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Remembering Richard Brautigan
In early May 1974, I was in 12th grade in northeastern Pennsylvania. It was almost summer, and the sun was palpable through the windows of the physics class. The teacher was a bald-headed older man we called the Admiral. He was droning on about the periodic table of elements. It all seemed like lead, and I was about to drop off. At about that point, a pretty hippie girl who sat behind me in the class passed me a green book with a photo of a gorgeous woman on the cover sitting before a chocolate cake. I opened the book at random, and read this:
The Scarlatti Tilt
"It's very hard to live in a studio apartment in San Jose with a man who's learning to play the violin." That's what she told the police when she handed them the empty revolver.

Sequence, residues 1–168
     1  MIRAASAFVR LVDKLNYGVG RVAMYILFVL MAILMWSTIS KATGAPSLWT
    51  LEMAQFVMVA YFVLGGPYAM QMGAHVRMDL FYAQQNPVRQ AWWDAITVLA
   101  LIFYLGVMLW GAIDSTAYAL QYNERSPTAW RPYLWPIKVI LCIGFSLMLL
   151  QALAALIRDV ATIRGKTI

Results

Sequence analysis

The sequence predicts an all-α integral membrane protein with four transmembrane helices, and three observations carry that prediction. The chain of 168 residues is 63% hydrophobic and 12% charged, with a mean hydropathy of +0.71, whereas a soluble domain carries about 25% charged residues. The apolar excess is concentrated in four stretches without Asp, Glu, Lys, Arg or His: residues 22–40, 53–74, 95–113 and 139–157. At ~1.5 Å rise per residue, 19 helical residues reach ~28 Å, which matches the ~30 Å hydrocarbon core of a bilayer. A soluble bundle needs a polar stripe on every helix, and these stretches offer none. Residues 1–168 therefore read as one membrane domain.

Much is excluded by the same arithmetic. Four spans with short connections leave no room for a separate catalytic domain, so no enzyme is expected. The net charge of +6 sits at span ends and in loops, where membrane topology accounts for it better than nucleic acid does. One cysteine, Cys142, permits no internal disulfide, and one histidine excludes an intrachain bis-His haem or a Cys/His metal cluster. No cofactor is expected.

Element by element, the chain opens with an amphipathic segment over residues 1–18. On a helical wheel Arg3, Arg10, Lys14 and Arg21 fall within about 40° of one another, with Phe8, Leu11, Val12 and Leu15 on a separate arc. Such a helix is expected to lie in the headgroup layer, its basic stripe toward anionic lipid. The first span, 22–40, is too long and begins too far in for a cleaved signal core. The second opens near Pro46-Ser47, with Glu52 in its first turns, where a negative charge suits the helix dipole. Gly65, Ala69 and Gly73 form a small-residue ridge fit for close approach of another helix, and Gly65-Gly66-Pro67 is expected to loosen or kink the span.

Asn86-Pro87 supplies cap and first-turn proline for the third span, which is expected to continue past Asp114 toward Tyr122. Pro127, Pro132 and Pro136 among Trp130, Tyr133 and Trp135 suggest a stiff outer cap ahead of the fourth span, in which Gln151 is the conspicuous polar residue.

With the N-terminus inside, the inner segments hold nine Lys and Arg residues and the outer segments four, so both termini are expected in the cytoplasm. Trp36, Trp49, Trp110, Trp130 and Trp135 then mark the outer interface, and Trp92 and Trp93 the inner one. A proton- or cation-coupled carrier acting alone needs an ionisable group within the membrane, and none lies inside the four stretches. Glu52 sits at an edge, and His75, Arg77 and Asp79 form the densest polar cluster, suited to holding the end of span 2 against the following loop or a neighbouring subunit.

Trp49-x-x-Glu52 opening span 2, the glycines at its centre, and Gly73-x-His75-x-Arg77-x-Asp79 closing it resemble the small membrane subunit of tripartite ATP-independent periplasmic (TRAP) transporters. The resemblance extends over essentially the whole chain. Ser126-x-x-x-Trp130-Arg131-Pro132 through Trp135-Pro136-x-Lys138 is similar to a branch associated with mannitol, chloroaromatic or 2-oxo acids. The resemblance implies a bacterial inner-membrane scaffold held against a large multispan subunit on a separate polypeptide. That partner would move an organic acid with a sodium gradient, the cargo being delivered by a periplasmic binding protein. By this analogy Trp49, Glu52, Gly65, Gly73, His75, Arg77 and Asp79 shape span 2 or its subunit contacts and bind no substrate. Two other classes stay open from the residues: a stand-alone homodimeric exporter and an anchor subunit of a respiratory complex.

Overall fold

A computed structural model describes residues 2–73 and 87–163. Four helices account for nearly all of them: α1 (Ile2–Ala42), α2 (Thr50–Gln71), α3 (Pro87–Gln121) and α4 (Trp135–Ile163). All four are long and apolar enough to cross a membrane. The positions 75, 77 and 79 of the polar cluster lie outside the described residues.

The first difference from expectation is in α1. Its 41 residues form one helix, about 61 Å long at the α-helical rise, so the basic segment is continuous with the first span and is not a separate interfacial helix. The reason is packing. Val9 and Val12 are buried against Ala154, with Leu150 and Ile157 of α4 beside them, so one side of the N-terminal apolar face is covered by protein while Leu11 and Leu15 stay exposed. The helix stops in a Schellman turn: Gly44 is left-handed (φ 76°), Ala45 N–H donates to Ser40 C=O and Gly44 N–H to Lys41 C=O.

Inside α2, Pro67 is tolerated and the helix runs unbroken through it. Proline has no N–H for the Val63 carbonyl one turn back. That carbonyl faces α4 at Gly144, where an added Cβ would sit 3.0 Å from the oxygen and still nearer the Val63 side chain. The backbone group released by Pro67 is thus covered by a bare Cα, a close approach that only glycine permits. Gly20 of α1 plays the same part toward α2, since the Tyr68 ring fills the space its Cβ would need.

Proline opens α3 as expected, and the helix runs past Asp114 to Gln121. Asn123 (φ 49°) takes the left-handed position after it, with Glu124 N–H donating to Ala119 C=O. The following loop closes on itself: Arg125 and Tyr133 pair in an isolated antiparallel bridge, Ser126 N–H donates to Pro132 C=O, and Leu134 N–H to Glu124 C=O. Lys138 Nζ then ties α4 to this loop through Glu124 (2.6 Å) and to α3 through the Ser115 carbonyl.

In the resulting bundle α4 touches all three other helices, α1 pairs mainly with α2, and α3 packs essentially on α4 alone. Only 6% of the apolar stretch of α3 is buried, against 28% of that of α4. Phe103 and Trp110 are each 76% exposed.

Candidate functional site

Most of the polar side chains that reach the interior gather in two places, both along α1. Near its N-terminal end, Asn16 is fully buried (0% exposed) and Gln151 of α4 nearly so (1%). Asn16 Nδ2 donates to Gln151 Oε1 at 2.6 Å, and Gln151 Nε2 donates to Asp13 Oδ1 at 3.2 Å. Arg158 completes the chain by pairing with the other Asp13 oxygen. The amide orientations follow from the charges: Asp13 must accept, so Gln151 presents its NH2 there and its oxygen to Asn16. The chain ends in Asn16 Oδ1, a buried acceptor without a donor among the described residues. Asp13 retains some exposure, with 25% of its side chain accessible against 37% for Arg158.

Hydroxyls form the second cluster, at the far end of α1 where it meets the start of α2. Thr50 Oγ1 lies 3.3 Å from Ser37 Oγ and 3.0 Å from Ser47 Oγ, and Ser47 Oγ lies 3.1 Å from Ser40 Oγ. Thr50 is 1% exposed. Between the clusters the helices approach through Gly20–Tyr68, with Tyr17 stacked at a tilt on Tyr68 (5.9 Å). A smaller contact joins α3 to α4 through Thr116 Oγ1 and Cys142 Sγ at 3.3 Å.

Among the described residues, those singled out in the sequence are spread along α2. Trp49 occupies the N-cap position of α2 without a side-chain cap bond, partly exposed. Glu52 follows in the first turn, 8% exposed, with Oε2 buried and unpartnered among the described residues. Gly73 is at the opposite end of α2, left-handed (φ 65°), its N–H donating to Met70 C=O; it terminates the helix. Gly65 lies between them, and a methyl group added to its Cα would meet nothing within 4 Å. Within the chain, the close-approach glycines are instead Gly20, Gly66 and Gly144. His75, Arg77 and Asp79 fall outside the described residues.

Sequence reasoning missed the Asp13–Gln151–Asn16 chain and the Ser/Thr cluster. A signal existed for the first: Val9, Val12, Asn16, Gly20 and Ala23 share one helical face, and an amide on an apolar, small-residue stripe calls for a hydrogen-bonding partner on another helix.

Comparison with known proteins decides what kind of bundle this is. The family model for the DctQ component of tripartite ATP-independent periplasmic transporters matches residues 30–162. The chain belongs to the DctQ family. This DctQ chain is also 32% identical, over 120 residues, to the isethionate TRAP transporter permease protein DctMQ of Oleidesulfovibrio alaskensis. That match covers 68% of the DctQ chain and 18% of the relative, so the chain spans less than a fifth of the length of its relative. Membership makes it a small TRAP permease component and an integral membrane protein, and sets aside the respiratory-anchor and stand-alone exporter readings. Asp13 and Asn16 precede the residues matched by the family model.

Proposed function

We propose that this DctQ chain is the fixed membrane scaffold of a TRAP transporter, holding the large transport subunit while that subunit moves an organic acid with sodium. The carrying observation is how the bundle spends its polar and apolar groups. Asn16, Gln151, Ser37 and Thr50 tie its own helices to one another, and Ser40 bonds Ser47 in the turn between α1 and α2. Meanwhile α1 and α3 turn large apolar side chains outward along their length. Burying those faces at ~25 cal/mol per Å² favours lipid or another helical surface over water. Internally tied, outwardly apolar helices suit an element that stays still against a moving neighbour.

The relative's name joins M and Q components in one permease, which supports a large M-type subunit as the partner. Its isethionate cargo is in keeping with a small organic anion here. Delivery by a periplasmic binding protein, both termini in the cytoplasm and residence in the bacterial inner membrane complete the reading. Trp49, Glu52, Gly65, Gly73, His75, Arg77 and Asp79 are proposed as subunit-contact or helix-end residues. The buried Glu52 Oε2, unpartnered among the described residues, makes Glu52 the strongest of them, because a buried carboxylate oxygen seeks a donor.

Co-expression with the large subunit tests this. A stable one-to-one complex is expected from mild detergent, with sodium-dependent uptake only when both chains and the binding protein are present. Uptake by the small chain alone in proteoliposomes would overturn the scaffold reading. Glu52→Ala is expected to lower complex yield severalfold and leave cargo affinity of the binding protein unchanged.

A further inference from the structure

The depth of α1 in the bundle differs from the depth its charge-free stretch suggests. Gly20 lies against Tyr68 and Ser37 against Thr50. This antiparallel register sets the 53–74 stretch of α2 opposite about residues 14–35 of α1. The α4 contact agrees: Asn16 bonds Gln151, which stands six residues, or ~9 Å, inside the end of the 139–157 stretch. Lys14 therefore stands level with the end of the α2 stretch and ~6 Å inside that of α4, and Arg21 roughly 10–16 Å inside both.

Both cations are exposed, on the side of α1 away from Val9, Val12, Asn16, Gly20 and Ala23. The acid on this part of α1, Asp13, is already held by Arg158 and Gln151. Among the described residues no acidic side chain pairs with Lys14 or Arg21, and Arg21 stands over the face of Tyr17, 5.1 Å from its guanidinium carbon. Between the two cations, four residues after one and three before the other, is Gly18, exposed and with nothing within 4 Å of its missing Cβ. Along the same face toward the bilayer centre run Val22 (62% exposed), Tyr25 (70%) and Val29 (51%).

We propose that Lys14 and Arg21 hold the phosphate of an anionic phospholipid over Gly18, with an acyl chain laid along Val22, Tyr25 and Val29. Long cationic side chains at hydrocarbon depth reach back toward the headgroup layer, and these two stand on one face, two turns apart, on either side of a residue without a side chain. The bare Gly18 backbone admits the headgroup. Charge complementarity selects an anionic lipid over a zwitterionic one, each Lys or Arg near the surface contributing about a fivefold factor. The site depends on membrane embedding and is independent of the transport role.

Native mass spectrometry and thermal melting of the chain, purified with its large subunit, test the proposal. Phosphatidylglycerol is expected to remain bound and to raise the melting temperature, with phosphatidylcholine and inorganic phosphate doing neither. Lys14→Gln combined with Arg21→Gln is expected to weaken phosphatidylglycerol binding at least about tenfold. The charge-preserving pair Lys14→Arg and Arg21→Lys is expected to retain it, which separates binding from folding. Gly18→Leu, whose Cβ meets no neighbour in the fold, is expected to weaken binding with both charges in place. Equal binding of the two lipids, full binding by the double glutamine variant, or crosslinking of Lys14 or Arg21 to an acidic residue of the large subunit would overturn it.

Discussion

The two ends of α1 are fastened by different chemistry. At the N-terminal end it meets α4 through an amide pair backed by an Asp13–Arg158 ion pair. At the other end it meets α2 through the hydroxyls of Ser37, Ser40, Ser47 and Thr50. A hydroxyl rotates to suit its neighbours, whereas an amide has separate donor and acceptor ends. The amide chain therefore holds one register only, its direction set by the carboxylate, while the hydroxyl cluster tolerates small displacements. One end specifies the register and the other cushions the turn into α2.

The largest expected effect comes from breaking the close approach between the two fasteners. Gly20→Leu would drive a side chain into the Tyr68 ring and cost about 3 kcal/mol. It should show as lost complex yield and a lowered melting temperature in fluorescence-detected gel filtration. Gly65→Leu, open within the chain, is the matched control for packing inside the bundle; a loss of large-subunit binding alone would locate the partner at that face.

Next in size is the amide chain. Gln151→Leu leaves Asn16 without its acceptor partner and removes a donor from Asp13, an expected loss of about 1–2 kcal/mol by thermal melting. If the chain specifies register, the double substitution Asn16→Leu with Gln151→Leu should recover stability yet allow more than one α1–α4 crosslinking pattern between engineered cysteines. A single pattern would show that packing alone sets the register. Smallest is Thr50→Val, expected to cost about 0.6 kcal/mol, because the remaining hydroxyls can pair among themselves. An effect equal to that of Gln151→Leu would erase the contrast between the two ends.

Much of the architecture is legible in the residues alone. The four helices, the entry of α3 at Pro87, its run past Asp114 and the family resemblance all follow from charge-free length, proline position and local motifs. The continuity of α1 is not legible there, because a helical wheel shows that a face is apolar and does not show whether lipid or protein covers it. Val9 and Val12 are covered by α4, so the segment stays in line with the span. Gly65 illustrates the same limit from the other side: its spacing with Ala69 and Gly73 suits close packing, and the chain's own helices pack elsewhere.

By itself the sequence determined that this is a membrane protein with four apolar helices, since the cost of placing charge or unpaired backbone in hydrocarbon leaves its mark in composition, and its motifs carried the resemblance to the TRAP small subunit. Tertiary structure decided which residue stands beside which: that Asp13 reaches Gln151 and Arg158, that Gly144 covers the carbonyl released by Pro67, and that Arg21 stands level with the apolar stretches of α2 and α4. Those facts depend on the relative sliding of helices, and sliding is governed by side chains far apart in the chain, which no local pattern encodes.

Those two sentences constituted an entire story. I read it six times. Accustomed to loquacious Poe and Henry James, I was amazed at the precision: San Jose, the violin, the empty revolver, Scarlatti. Pure gold. I kept the book, and I still have it forty years later. I have all of Brautigan's books, in fact, but hadn't read him for years when I heard that a massive biography had appeared. The book is by a friend of Brautigan's, William Hjortsberg. Jubilee Hitchhiker is close to 900 pages in length, in small type. I read the first hundred pages with a magnifying glass, then switched to Kindle.
I had read previous criticism on Brautigan's work (not much of the early criticism is very good, as it partakes of the attempt to spread the hippie gospel, though there was a brilliant appreciation by Guy Davenport in the Spring 1970 issue of The Hudson Review). Since that time there have been less sanguine accounts: his friend Keith Abbott's Downstream from Trout Fishing in America, which reveals what a rat Brautigan could be to friends, and his daughter Ianthe's depressing but beautifully written You Can't Catch Death. Brautigan, to put it mildly, did not put his daughter high on his list ...